The skinny shotgunner was still honed in on the breakfast bag. He’d put two loads of buckshot into it and splattered bits of pancake, scrambled egg, and bacon strip, sausage patty all over the bed. I put a Hydra-Shok into his gut and another into his neck. He went down in a geyser of arterial spray. I shot the whale man in the back of the head and splattered his brains all over the carpet, then turned towards the greaser as I moved into the room. He’d found another magazine and was jamming it into the gun. I emptied the rest of my mag into his chest and face. He died before he hit the ground.

It was all over in maybe ten seconds. Speed. Surprise. Violence of Action. Ranger Instructor Bailey would’ve been damn proud.

The thought brought a smile to my face. Instinct and training kicked back in, and I reloaded my empty pistol as I moved to Gabriella. As I slid my automatic back into its holster and reached for the Spyderco Endura in my pocket, I realized that Gabriella was desperately trying to tell me something, but between the gag in her mouth and the ringing in my ears (gunfire is fucking loud!) I couldn’t understand what she was saying. She started jerking and thrashing in the chair, her cries that I could barely hear becoming frantic. She was using her heard to gesture towards me.

No, not towards me. Behind me!

I spun, instinct dropping me into a crouch. A roided-up Incredible Hulk lookalike was charging out of the bathroom, a stainless Smith & Wesson .44 in each hand. I couldn’t draw my .45 down on one knee like this, so I snatched my own wheelgun from under my jacket. If he’d been a pro about it, he would have had me dead to rights, but he was a drama queen, not a pro. He raised his cannons up, pointing them at the ceiling as he thumbed the hammers back, then started to bring them down all slow and dramatic like. Like he was in a damn Hollywood movie or something. That let me get off the first – and only – shot of our duel. Dirty Harry lied: a .44 Magnum will blow a man’s head off, but there’s nothing clean about it. Between that and the other three dead men, the inside of the room looked like Jackson Pollock had gone overboard.

My own customized Smith went back into its holster, then I cut Gabriella free. She tore the gag off her mouth and threw herself into my arms, weeping hysterically and babbling something that I still couldn’t hear over the damn ringing in my ears. I did get the message clear enough: she’d been so scared, I was amazing, thank God we’re not dead! I felt the same way, probably more so since I’d been certain that she’d been killed, or worse, but there was no time for that now. I knew there had to be more shooters, since three big cars for four guys made no sense, and we only had a few minutes – if we were lucky – before they got here. She didn’t fight me much when I pulled her off of me, but she did give me a confused look and asked something that amounted to wanting to know what was wrong. I pointed at my ears, shook my head, then pointed at the door. She nodded, then dashed over to the nightstand. I almost asked what she was doing, but remembered that she’d put her LadySmith 9mm in the drawer a second before she pulled it out, checked the chamber, and popped the safety off.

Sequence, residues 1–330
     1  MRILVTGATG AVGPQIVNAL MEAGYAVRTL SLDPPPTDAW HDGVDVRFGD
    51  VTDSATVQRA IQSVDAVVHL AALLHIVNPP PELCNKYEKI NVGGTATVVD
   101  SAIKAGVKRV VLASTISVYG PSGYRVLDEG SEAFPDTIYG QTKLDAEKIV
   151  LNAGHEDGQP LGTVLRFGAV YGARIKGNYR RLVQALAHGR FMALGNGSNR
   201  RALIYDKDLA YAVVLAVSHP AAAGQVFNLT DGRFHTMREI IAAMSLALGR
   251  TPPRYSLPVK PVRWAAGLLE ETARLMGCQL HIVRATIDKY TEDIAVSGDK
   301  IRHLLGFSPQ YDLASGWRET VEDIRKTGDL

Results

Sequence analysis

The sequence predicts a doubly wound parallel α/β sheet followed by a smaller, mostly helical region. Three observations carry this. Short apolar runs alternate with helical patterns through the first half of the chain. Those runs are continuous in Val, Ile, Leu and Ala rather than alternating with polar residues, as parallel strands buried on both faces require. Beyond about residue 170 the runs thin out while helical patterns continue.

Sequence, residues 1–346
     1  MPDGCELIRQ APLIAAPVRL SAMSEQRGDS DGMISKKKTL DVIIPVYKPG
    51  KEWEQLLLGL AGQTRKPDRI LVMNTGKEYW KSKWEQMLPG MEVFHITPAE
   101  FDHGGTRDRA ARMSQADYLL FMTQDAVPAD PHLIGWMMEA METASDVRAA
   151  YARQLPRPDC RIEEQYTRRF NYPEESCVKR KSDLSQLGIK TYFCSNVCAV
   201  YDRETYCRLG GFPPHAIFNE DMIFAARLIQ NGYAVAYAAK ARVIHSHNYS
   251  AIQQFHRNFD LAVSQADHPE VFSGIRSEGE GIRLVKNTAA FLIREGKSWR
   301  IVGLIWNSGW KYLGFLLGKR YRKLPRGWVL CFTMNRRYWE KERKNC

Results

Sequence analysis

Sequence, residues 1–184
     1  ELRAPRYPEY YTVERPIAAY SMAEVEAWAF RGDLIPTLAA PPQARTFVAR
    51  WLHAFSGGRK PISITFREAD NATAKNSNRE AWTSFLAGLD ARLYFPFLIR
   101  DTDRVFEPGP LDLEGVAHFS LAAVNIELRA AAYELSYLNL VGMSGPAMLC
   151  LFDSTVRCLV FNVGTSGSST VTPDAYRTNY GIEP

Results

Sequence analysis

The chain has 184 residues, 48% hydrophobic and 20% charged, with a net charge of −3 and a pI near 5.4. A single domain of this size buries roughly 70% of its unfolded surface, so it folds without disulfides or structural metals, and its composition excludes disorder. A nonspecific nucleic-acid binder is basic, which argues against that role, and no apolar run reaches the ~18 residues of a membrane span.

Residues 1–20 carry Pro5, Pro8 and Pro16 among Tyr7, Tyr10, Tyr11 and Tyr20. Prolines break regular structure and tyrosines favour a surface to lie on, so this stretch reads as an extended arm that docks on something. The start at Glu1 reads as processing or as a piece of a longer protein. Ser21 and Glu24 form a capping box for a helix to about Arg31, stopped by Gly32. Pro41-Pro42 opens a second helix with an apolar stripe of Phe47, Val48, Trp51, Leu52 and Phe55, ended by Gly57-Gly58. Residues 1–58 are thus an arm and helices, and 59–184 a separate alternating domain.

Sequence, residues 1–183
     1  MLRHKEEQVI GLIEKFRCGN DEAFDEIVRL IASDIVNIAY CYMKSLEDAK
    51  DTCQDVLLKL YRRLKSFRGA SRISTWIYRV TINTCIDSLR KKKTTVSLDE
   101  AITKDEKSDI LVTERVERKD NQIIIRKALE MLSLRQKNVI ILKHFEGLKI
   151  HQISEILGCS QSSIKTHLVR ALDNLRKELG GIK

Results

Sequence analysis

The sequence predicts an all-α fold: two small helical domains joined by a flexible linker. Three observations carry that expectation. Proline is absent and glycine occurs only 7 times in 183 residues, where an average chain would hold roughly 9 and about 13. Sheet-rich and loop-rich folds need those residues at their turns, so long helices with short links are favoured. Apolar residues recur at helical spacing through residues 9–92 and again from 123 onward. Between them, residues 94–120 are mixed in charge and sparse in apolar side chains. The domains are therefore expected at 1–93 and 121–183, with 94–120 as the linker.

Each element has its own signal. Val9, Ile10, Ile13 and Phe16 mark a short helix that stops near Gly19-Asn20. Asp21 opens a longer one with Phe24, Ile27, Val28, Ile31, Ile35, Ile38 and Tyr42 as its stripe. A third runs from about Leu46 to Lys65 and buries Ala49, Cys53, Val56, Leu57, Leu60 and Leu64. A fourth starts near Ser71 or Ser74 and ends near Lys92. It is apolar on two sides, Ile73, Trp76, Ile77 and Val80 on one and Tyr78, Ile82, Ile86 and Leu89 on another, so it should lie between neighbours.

While she fished her spare mags out of her nightstand and grabbed her enormous handbag, I started grabbing guns. The barrel of the hatchet-faced railroad tie’s Remington 1100 had been cut down to just in front of the fore-end and magazine tube, but the stock was still full-length. No surprise since you can’t shorten the stock on one of those without jacking up the action. There was a shell in the magazine, another in the chamber, and about a dozen more in dead man’s pockets. I popped the safety on, shoved three shells into the magazine, and stuffed the rest into my own pockets. The greaser’s little Ingram M11 got left with its owner. Someone once called that little bullet hose “ideal for a gunfight in a phone booth,” and they were right because the damn thing shoots so fast that it’s practically useless past ten feet. Hulk’s hand cannons also stayed, but I did snatch the half-dozen speedloaders off his belt since they’d fit my Combat Mini and who knew how hard finding .44 Magnum ammo out here might be.

Over the ringing in my ears, I heard a scream, and then shots. I’d crouched next to the Hulk, so I pulled my Combat Mini again and spun towards the door. A thick man with a leather jacket, no neck, a gold chain, and a nickel Beretta Cheetah was standing in the doorway, hand flying to his shoulder where Gabriella had just shot him. I leapt across the room to her and tackled her to the floor, firing my big wheelgun one-handed as I moved. He doubled over like he’d been gut-punched by Mike Tyson. I landed hard, rolled over onto my belly, locked my gun out in a two-handed grip, and sent another .44 hollowpoint screaming into the top of his head. He dropped like someone had poleaxed him.

I opened my revolver’s cylinder and smacked the ejector rod, kicking out five empty casings and a single live round. It took me maybe five seconds to reload with one of Hulk’s speedloaders, then I reholstered, grabbed the shotgun, and moved to the front door. Gabriella was right on my heels, keeping her little LadySmith pointed at the ceiling like she’d probably seen all the cops do in the movies and on TV. My keys were already in my hand. I winked at the woman that I’d tried and failed to keep myself from falling hard for, then slid out onto the sidewalk.